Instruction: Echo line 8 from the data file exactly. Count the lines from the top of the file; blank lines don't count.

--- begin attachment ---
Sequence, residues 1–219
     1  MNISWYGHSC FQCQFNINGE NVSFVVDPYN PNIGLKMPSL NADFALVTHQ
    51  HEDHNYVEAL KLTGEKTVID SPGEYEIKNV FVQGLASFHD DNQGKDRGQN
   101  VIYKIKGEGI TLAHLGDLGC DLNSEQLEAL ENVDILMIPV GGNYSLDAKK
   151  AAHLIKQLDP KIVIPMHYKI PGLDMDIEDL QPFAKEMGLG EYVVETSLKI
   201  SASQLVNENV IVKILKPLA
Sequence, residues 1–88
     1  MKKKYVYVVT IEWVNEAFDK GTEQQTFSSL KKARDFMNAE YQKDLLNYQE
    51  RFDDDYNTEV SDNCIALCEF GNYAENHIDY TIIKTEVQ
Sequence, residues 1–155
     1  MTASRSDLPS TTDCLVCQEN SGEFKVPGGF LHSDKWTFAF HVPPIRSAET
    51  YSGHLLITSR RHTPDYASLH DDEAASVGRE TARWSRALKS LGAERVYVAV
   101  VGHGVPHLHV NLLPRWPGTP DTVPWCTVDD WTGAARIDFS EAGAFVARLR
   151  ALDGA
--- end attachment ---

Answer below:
     1  MKKKYVYVVT IEWVNEAFDK GTEQQTFSSL KKARDFMNAE YQKDLLNYQE